Alot (but certainly not all) of the nurses where I did my OB clinicals seemed to hate us all, women AND men. In fact, the hospital "accidently" scheduled 2 different nursing schools to overlap during clinicals- it was a fight just to get a pt to take care of! We often had to share a pt. It was the total pits. However, I actually found the OBs/Midwives to be wonderful. Go figure.
You make it through. You'll feel weird @ first, then you'll just become focused on the work you need to do to complete this semester, and I think you'll be fine. Good luck!
- 0May 21, '06 by llg GuideI am a woman ... but wanted to add these thoughts to the thread.
As a student many years ago, the OB nurse I shadowed during my student rotation was a man -- and he was terrific and seemed well-accepted by his colleagues. However, I realize that times may have changed since the dark ages of my student years.
Also, some of you may be interested in knowing that the world of Neonatal Intensive Care has a well-established history of accepting men as staff members. In fact, the founder of the National Association of Neonatal Nurses was a man -- as was his successor as president and several other key leaders within the organization. I've worked with several male NICU nurses during my career. So if you think you might be interested in a Maternal-Child career, you might want to consider the NICU as a specialty that is "man friendly."
Good luck to you,
- 0May 21, '06 by luvmy2angelsI am a female and wanted to add my as well.
From the patient point of view I hope none of you took it personally if the woman giving birth asked not to have you in the room. When I gave birth to my daughter I didn't want anyone in there but the nurse who was taking care of me, the Dr and my hubby. Now, by the time i had my son I didn't care if the whole world was in there!!:roll In fact, I was being prepped for a C-section because the cord was being pressed on by the babies head (it was circling the top of his head like a halo, but believe me he is no angel!!:roll )Anywho....the Dr must have made a unit wide announcement that there was some type of excitment in my room, she told me if i could give one more good push I wouldn't need to have a c-section, well I pushed and out he came....I looked up and there standing at the foot of my bed were 12 nurses/students and 4 of them were male! I didn't mind at the time, I was just glad it was over. I guess my point is some women just don't feel comfortable having men there other than hubby during such an intimate time. I'm sure you all realize that but I'm also sure it must be an aweful feeling not to be able to participate in a very exciting part of the OB rotation.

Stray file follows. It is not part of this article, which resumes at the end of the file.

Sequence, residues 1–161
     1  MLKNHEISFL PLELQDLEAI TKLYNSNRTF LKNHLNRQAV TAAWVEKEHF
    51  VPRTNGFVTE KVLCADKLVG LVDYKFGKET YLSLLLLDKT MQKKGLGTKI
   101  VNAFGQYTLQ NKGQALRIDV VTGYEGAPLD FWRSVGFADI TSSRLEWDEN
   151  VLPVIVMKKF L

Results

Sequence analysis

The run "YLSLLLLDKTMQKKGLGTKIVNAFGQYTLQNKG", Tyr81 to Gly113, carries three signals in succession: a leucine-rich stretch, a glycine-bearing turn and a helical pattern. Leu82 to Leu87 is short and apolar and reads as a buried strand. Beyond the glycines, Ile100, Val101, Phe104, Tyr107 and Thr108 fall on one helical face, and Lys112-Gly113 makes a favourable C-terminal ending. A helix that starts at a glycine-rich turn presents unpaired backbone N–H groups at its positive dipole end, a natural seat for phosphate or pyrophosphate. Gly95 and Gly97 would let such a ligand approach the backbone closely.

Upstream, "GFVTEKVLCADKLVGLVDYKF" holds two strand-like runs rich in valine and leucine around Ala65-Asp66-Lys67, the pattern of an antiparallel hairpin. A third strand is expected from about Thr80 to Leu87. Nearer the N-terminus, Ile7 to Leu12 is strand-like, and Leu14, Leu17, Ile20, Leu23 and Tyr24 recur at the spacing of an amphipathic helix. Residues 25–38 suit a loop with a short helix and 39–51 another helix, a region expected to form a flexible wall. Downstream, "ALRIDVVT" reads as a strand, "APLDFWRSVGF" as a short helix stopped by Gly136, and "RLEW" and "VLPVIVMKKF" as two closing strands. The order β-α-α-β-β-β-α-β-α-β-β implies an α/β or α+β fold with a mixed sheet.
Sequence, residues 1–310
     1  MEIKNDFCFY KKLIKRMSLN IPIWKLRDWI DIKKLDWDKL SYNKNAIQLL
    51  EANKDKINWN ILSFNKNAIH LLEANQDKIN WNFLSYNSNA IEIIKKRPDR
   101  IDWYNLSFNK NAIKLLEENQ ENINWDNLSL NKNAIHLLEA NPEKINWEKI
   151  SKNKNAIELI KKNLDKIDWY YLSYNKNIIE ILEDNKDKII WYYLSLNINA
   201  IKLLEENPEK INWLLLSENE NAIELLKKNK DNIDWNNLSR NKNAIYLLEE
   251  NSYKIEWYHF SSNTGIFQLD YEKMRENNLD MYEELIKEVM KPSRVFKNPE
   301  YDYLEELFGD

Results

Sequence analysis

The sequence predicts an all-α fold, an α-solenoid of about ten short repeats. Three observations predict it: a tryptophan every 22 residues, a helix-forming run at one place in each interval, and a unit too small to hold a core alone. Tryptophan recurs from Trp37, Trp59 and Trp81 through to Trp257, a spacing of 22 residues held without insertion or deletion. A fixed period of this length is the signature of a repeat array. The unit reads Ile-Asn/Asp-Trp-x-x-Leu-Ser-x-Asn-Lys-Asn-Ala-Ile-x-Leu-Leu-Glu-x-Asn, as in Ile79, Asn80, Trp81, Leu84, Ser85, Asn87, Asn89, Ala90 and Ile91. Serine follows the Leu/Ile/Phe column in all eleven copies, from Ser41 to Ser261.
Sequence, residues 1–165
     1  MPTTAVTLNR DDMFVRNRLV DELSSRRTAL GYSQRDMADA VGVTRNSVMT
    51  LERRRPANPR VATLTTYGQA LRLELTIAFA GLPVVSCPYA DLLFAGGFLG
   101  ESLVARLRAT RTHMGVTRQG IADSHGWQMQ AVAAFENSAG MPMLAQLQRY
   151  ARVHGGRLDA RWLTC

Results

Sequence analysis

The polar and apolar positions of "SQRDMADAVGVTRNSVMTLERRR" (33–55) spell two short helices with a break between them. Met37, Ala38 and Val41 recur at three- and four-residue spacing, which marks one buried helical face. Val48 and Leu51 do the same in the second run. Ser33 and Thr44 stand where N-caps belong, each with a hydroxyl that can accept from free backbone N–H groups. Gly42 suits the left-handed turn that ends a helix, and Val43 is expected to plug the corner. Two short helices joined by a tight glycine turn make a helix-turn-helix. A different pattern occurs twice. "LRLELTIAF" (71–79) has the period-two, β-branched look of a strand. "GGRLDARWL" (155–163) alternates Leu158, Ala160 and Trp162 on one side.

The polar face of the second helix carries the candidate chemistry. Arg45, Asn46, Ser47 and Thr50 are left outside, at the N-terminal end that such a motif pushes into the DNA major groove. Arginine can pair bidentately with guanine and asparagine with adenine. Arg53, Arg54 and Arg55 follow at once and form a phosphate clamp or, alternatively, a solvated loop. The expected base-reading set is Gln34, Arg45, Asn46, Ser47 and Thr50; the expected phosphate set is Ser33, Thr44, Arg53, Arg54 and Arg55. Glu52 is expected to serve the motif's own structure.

As far as the nurses treating you badly I think that is an aweful shame! We are all profressional and it shouldn't matter if you are male or female!! There were nurses in my OB rotation that treated us females rotten too!!
And just to add a little note here....I have had a few experiences of being in the hospital, most recently last Dec when I had kidney surgery and some of the BEST nurses I have ever had were male!! So keep up the great work!!